I chased down three other racers that were pace-lining on the road section and caught them just past the store. Anyone that’s ridden it, knows this four mile stretch is a 2% false flat that can be a little demoralizing because you can’t find the speed you think you should have and it seems like a longer stretch every time I ride it. I discovered during the 2016 SM100 that hooking up with at least two other riders (even if you have to slow down to let them catch you) is the fast and efficient way. Anyway, those three guys peeled off for the Georgia Camp trail, as they were on the 50 mile course, and I cruised into the picnic area to face the crossing of Ramsey’s Draft.

The water crossing was about as deep and fast moving as I've ever seen it in the summer (crossing in the winter is insane – I’ve done it and nearly lost a shoe in the process). As I mentioned earlier, Chris’s event staff were awesome and had strung a guide rope across the creek. So, I grabbed the Scalpel under my right arm and grabbed the guide rope with my left hand and followed the guidance of the two guys helping folks across. The water was moving fast and was cold, but I was simply concentrating on keeping my right shoe on, as it had started to become looser and looser with every unclipping.

I made it across the above-the-knee crossing and was now faced with the rock staircase that opens the Bridge Hollow climb. Of course, the rocks were super wet and slippery, but I got up through there without a problem – again, knowing these trails (and features) makes them much more manageable – you really should ride these trails several times if you intend to race the SM100 in September. The Bridge Hollow climb went well – as well as could be for the very wet conditions. I got through the rock gardens as fast or faster than I ever have before and hiked only a handful of times.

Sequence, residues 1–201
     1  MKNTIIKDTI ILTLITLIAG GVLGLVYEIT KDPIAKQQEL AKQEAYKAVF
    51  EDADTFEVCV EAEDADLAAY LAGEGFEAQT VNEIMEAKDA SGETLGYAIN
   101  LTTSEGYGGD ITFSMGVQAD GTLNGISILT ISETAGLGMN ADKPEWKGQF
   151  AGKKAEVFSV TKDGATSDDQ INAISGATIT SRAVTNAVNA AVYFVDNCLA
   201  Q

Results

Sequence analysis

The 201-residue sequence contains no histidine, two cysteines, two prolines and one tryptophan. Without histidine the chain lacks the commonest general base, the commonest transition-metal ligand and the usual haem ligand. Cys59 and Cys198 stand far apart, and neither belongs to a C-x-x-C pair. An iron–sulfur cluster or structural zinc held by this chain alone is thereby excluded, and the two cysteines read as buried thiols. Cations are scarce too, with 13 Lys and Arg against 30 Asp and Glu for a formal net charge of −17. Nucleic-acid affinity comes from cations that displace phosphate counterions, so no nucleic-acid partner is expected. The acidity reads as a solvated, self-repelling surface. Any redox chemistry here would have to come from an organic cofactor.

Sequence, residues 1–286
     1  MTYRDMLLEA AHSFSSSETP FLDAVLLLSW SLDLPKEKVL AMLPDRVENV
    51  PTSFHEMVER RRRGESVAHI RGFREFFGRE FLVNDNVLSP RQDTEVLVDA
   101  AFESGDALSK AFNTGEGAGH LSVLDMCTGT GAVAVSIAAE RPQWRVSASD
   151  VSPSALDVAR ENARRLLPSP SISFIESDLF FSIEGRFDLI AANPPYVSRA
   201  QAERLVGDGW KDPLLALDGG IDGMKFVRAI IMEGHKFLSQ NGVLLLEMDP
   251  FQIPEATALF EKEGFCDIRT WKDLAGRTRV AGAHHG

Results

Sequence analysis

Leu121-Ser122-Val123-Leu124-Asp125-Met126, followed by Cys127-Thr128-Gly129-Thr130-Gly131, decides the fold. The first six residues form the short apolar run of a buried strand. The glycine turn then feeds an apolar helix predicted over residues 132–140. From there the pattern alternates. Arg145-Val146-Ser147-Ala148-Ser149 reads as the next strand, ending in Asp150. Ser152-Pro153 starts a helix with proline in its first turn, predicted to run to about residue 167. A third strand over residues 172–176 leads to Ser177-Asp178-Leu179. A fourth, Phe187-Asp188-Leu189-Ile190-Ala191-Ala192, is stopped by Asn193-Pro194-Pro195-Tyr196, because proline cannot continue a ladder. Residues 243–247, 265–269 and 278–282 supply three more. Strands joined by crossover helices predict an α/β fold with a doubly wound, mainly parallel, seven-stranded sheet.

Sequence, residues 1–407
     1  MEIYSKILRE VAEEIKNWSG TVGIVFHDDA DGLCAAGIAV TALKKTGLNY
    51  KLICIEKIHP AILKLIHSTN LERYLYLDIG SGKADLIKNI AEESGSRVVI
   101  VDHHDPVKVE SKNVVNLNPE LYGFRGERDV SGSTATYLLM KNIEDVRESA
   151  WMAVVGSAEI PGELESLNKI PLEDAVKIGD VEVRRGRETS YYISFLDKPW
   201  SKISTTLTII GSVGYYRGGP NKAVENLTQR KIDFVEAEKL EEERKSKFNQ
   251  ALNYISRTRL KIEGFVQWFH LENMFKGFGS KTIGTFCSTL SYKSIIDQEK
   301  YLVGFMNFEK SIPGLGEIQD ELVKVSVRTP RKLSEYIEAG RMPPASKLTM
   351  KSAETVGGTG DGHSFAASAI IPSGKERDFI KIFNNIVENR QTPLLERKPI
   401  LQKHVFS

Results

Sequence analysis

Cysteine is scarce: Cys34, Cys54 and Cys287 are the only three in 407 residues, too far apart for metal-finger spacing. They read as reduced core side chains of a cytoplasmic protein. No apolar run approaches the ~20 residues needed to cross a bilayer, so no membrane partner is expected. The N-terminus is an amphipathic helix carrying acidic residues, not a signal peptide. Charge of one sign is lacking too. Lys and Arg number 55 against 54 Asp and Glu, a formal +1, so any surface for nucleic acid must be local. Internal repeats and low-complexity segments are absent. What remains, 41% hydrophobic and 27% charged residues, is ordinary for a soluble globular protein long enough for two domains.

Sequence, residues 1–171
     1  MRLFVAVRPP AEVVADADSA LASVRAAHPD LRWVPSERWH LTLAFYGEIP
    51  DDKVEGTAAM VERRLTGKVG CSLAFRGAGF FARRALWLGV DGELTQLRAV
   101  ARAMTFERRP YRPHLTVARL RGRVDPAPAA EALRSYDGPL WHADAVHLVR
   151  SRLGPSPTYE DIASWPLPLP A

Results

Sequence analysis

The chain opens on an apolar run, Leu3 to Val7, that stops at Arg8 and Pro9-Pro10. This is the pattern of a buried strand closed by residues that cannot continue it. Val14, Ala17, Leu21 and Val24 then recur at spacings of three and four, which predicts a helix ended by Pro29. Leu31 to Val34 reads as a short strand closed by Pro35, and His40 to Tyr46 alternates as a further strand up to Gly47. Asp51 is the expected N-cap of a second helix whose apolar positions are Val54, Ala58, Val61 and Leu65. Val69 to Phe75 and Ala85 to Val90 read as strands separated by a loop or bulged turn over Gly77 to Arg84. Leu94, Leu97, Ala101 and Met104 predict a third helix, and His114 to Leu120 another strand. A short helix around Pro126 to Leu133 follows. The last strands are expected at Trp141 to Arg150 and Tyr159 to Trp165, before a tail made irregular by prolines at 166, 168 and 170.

The Braley’s Pond descent was perfect. That trail drains so well, that it was no problem whatsoever. I made really good time coming down, across the trail by the pond, and back over to the aid station at the foot of Dowell’s at the 3h12’ mark (now 18’ ahead of planned pace). My trail angel passed me the Gorilla tape again, two more wraps, poured one packet of Tailwind into the CamelBak, poured in one bottle’s worth, shook up, poured another packet into the bottle, filled the bottle, and I was off again – 3’08” in the aid station.

OK, so up we go! The Dowell’s Draft climb is 3.75 miles, but very smooth and not technical until the very top. You just have to find your gear and settle in. Once I made it to the intersection with Magic Moss I knew I was home free and just had to hike around those two nasty switch backs before I was back on the ridge line. Easy peasy. Descending the top half of Hankey Mtn is a treat that we really only get during this race (or on the occasional training ride). Again, being familiar with what’s up there, where it’s loose, where the standing water is, etc., yields the confidence to just “let it rip.” I got going over 25 mph several times during that descent!